Raised by his grandparents in Reading, MA, Simon Stokes was seen by his peers as a loner or solitary child. By the age of ten he had become a sleepwalker. His grandfather would often take Stokes to see the Harry D. Stokes Orchestra, which was his introduction to music. In his teenage years, Stokes became influenced by the blues, often listening to a local DJ named Sid Symphony and attending all-night concerts. Stokes saw Big Mama Thornton and Hank Ballard among countless others, each having an impact on him. After entering a local songwriting contest and winning the top prize, Stokes ventured to Los Angeles in his early 20s. Beginning in 1965, Stokes recorded a number of 45s under names such as the Flower Children and Heathen Angels. At the same time, Stokes became a staff writer at Elektra Records. Forming a band called the Nighthawks, Stokes and MC5 signed to Elektra on the same day.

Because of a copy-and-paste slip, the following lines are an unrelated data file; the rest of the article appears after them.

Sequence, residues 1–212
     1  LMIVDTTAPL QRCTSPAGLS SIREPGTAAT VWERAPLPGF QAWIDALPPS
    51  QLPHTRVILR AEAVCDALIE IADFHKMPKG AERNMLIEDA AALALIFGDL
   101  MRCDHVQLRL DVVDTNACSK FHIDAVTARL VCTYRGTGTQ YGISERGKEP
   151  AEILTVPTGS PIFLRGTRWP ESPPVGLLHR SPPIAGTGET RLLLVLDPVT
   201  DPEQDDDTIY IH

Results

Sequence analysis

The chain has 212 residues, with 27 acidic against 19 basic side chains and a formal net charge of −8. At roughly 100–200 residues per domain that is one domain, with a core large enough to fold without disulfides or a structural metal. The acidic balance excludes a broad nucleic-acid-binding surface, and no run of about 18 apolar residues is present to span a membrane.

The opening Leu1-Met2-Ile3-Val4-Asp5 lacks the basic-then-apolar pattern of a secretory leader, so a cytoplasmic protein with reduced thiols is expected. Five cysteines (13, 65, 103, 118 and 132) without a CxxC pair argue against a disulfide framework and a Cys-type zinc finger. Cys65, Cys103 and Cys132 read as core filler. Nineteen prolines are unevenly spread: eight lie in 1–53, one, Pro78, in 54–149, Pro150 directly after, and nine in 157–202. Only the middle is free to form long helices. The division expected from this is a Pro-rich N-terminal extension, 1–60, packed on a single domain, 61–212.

In 1973, Stokes released his debut album, Incredible Simon Stokes, on Spindizzy Records. The album was a psychedelic blues record in the vein of Captain Beefhart. That same year, Stokes released Simon Stokes & the Black Whip Thrill Band on Spindizzy. The album's cover was reportedly the first banned album cover in the United States. Featuring S&M scenes as well as females being whipped, the controversy created a cult following for the musician, especially among biker groups. In 1977, Buzzard of Love was released. After this album, Stokes basically went underground, releasing no material for nearly two decades. In 1996, he returned to music circles by releasing Right to Fly which he did with '60s counter-culture icon Timothy Leary. In 2002, Stokes released a country-rock album titled Honky. Featuring members of the Bellrays and Wayne Kramer, the album's sound was compared to outlaw singers such as Waylon Jennings and David Allan Coe.